Fraud offenses make up a sizeable portion of the state criminal code. In addition, common law fraud may play a role in criminal cases, and fraudulent conduct may also provide the basis for a civil lawsuit.

Not only are the criminal penalties for fraud often severe, but the additional consequences of having fraud on your record can cause difficulties for years into the future. Because fraud crimes involve deceit, a conviction could make people think twice before doing business with you in future.

Fortunately, a Richardson fraud lawyer may be able to help. An experienced criminal defense attorney who knows how to fight fraud charges could collect evidence to build a strong defense and advocate on your behalf to help minimize any negative consequences.

Fraudulent Conduct

Fraud crimes, as well as torts involving fraud, share the common element of deceit. Essentially, fraud occurs when someone uses a form of deception such as false or misleading information to wrongfully obtain something of value from another person.

Under the traditional legal definition handed down by courts, also known as a common law definition, fraud can be proven when someone knowingly makes a false statement with the intent to deceive another person, the other person relies on the false statement, and the target then suffers harm or loss as a result.

However, it can be difficult for prosecutors to prove that someone acted with the intent to deceive another. An Richardson fraud attorney may look for evidence to show that no such intent existed.

Common Fraud Crimes in Richardson

As commercial transactions take new and different forms, each creates an opportunity for a different type of fraud. State lawmakers have reacted by creating numerous different fraud crimes to fit various circumstances. Some examples of fraud common in Richardson are:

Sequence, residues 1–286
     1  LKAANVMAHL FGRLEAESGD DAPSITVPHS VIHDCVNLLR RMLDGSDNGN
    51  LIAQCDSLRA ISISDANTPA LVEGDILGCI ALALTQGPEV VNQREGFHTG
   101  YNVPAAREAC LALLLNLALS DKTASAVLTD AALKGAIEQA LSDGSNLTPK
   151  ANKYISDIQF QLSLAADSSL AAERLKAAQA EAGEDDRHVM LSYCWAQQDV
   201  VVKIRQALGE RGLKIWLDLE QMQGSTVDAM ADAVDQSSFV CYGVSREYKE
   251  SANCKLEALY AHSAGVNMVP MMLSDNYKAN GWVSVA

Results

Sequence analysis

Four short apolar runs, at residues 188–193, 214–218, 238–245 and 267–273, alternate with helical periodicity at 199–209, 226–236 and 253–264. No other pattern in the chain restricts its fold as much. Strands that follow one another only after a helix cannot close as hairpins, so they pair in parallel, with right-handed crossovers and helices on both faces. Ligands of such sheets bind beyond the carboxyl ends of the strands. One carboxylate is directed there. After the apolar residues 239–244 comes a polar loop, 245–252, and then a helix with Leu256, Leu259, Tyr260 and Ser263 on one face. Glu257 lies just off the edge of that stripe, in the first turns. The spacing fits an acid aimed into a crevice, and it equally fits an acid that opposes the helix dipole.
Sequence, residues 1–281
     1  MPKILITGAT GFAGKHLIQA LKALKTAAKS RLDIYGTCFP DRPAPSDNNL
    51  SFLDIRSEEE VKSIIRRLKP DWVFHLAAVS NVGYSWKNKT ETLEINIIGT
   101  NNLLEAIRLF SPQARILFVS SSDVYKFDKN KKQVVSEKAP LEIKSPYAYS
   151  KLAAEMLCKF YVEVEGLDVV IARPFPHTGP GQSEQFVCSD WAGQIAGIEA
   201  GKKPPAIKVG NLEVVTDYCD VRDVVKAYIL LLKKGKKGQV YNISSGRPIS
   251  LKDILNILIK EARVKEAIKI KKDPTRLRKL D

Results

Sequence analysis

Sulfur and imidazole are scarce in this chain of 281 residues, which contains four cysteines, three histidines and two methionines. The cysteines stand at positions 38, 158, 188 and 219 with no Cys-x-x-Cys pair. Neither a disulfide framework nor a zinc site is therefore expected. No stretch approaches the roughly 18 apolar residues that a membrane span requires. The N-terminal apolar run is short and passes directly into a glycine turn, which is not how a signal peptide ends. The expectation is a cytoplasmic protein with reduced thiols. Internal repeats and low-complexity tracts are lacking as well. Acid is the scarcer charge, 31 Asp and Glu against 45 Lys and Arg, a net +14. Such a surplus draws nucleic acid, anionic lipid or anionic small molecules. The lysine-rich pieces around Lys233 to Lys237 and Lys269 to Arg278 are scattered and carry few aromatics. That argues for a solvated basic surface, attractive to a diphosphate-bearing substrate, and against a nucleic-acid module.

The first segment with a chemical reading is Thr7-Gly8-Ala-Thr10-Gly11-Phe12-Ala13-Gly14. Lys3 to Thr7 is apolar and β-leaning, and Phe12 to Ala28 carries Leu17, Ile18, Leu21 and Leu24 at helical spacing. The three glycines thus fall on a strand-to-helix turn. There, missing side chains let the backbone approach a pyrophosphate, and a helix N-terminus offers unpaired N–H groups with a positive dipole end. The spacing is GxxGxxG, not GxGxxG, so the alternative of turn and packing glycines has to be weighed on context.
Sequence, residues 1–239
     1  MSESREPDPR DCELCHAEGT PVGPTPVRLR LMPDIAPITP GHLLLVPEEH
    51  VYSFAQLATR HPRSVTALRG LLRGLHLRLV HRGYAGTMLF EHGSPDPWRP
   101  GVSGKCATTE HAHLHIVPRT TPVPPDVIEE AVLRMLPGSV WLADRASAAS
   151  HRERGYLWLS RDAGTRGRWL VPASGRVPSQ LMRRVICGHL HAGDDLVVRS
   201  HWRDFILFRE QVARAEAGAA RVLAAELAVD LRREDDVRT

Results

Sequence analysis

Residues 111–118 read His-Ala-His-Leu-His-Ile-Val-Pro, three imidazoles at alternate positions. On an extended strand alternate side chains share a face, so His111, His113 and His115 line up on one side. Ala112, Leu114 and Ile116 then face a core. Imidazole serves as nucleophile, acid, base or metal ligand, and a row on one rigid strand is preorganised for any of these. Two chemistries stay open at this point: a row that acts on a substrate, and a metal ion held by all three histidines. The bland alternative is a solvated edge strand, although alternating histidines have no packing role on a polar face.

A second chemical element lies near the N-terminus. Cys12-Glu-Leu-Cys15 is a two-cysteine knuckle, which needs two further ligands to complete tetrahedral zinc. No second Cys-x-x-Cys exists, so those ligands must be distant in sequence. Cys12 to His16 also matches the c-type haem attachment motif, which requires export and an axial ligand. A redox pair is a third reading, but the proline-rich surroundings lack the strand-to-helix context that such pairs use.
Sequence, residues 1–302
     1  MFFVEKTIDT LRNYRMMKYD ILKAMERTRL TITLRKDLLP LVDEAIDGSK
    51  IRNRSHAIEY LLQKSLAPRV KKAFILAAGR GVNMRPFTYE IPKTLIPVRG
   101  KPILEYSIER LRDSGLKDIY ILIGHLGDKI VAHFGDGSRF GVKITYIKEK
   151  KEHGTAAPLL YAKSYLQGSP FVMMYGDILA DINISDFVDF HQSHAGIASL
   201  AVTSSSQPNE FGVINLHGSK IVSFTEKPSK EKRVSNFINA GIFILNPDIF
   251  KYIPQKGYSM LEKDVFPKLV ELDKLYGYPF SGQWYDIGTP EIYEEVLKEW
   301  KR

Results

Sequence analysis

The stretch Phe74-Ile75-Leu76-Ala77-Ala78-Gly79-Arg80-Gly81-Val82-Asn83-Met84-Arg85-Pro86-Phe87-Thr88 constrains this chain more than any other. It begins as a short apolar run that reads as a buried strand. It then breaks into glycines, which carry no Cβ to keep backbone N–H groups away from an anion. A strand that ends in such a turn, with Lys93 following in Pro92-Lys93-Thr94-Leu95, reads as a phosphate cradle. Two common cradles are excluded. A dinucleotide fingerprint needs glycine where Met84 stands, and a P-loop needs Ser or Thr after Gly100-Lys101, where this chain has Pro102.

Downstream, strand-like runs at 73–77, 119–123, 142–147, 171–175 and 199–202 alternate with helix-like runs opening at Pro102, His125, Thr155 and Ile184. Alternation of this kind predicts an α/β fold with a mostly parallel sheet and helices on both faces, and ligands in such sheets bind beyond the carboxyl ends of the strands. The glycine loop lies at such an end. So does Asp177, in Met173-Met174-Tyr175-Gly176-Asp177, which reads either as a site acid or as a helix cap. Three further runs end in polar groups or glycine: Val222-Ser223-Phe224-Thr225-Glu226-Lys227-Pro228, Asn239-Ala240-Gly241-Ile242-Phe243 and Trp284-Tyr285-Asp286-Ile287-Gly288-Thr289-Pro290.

• Credit card fraud
  • Identity theft
  • Health care fraud
  • Tax fraud
  • Insurance fraud
  • Money laundering
  • Forgery
  • Adoption fraud

Each of these offenses has specific elements which must be proven in order for prosecutors to obtain a conviction. A fraud attorney in Richardson could fully explain the elements that prosecutors must prove in a particular case.

Potential Penalties Upon Conviction

Since fraud is prosecuted under different criminal statutes, the penalties vary depending on the specific charge. For example, credit card fraud is considered a state jail felony, which is punishable by up to two years in jail and a fine of up to $10,000. However, if the offense is committed against an “elderly individual,” then the crime may be treated as a third-degree felony with penalties that include up to ten years of imprisonment in addition to a fine.

Penalties for fraud crimes such as identity theft have even more variation. The offense may be treated as a state jail felony, like credit card fraud, or as a first, second, or third-degree felony. Maximum prison sentences therefore range from 10 years for a third-degree felony to 99 years for a first-degree felony.

Consult a Richardson Fraud Attorney

Because the intent to deceive is an element in many fraud cases, defending against these charges is often different from other crimes. For this reason, it is advisable to work with a defense attorney familiar with strategies that could succeed in fraud cases.

When you work with a Richardson fraud lawyer, your attorney serves as your advocate from start to finish, fighting to protect your rights and your record. A knowledgeable defense attorney could collect evidence to demonstrate lack of fraudulent intent or other elements to defeat the prosecution’s attempts to establish a case. To learn more about your options, call today and schedule a consultation.